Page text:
Saturday, January 16, 2016

One of my current projects: Arduino police siren w/simple, custom transistor amplifier/speaker driver circuit

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By Gabriel Staples Written: 16 Jan 2016
Last Updated: 16 Jan 2016

A Few Other Articles:
So, a few days ago I got a car horn *and* a car audio speaker to play a siren sound!

In these two videos, I do a quick desktop demo of playing a siren sound through first a "fixed frequency" car horn, and then through a standard car audio speaker, rated at 120W peak, 60W RMS, and 4 Ohms. Using an Arduino, a relatively simple, custom transistor-based amplifier circuit, and the Arduino core tone() function in my code, I drive the horn and speaker to play a siren sound by sinusoidally varying the driving frequency.  I also show the signal to the devices on an oscilloscope, and briefly discuss and hook up a Schottky diode in a "snubber diode" configuration to knock down the inductance-induced voltage spikes created each time the square wave has a falling edge.

First, watch the "fixed frequency" type car horn play a varying-frequency siren sound:




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Next, watch the car audio speaker get driven by the same Arduino, code, amplifier circuit, and 3S LiPo battery. It is *much* louder!


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7 comments:

  1. I watched your video very successful, I want to do the melody work in the car horn (I tried to run the horn on different frequencies but the volume is low) How can I increase the horn decibel? I am very pleased if you can help me very importantly.

    ReplyDelete
  2. I watched your video very successful, I want to do the melody work in the car horn (I tried to run the horn on different frequencies but the volume is low) How can I increase the horn decibel? I am very pleased if you can help me very importantly.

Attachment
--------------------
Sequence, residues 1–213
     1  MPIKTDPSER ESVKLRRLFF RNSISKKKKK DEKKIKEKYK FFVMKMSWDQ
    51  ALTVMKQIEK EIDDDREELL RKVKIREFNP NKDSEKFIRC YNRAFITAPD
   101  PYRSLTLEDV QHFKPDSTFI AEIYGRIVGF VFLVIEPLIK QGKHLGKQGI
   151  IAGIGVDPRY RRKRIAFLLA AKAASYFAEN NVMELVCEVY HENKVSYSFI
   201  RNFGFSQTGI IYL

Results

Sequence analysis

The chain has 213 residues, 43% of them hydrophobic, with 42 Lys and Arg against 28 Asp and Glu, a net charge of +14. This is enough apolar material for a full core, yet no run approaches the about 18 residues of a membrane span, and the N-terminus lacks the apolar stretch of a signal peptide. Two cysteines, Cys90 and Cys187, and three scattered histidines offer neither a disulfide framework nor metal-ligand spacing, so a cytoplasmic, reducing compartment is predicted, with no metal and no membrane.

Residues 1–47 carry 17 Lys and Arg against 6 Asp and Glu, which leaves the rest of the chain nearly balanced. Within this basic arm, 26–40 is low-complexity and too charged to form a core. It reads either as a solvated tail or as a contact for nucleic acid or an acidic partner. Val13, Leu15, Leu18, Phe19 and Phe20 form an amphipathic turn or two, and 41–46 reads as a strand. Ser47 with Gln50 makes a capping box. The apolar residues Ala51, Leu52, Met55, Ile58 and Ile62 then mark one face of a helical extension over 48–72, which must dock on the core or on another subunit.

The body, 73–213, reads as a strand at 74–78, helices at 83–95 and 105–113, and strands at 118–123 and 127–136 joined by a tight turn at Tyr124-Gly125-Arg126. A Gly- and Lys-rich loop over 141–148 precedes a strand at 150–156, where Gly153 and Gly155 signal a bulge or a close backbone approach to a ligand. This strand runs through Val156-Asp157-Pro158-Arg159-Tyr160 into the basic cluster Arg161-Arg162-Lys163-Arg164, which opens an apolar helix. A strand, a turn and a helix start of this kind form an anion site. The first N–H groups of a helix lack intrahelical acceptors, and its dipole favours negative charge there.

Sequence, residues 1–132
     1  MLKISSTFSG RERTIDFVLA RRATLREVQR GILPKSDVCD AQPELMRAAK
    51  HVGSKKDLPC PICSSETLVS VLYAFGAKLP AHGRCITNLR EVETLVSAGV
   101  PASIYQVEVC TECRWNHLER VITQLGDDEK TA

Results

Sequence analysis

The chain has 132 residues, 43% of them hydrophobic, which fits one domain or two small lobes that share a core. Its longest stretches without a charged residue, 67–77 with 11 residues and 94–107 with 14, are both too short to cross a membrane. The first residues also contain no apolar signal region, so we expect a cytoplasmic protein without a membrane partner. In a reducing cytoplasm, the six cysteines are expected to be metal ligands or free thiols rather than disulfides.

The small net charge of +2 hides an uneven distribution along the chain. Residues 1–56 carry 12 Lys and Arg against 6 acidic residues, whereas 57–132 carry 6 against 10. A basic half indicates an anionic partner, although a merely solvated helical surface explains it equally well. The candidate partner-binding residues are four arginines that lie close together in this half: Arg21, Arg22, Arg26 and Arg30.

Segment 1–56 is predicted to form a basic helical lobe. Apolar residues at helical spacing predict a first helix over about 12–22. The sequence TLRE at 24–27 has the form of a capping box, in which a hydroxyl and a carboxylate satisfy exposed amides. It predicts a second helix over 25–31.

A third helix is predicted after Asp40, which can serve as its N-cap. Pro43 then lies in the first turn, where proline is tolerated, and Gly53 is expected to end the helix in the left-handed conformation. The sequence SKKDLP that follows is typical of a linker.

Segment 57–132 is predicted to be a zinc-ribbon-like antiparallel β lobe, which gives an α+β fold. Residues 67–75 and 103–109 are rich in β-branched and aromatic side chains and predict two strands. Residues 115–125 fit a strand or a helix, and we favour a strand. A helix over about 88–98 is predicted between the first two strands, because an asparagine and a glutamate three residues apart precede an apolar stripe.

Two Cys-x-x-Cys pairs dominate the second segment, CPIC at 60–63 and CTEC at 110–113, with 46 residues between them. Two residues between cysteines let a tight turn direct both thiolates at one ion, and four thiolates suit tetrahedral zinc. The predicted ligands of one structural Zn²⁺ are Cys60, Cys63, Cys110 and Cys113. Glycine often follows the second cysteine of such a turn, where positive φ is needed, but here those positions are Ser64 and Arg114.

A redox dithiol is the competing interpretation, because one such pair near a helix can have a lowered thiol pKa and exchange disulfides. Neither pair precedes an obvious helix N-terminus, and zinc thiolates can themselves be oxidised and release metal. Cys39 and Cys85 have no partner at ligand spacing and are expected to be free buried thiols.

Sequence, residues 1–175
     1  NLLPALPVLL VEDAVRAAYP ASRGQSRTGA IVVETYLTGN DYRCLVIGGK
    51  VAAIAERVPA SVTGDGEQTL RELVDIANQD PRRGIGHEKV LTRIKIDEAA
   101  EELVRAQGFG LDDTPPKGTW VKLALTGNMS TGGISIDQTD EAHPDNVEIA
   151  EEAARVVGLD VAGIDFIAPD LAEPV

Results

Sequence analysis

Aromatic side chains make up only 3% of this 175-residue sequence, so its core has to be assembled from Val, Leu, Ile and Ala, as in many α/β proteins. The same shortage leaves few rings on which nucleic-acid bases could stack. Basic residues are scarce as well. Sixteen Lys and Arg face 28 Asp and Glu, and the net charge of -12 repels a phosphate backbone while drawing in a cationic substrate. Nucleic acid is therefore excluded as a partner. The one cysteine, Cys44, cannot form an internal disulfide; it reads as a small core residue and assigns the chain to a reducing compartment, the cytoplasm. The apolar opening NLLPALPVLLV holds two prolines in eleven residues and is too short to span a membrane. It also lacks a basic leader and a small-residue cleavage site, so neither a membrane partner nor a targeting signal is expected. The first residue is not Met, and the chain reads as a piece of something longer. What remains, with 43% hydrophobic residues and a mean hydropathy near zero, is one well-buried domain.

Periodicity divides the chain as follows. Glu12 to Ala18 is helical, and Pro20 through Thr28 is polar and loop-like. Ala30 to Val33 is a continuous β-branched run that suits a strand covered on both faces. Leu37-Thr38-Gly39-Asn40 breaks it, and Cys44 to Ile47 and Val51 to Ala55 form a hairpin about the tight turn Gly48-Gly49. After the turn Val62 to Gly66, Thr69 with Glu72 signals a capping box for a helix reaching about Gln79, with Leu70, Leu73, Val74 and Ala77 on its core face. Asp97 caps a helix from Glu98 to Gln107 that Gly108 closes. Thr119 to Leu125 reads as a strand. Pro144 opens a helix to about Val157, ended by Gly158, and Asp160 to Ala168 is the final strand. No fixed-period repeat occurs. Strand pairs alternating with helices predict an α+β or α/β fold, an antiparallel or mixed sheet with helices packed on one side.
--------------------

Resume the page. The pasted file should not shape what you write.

ReplyDelete
    Replies
    1. Try driving the speaker through a high-power H-bridge designed for driving DC motors. To power it, use a LiPo battery of the correct voltage for the speaker. Also consider placing a high-capacitance (ex: 4700uF or larger) AC-coupling capacitor in series between the speaker and the H-bridge to help remove any DC bias.

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    2. Also use the Arduino ToneAC library to drive the H-bridge/speaker so that you can dual-drive the speaker, thereby getting less DC bias and double the volume that you'd normally get from the basic "tone" library.

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    3. WARNING: for the AC-coupling capacitor, it *must* be bipolar, meaning it is electrolytic but NOT polarized. If you use a polarized capacitor and then dual-drive it, you'll blow the capacitor. It is possible to make an electrolytic bipolar capacitor from two electrolytic polarized capacitors back-to-back, with a couple of high-speed diodes too, but I'll have to explain that one more later. Try googling it or just buy a bipolar (non-polarized) electrolytic capacitor to start.

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  3. Could add from my facebook address.https: //m.facebook.com/devotedster? Ref = bookmarks

    ReplyDelete

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~Sincerely, Gabriel Staples.

P.S. Yo hablo español también. Je parle français aussi. (I speak Spanish & French too).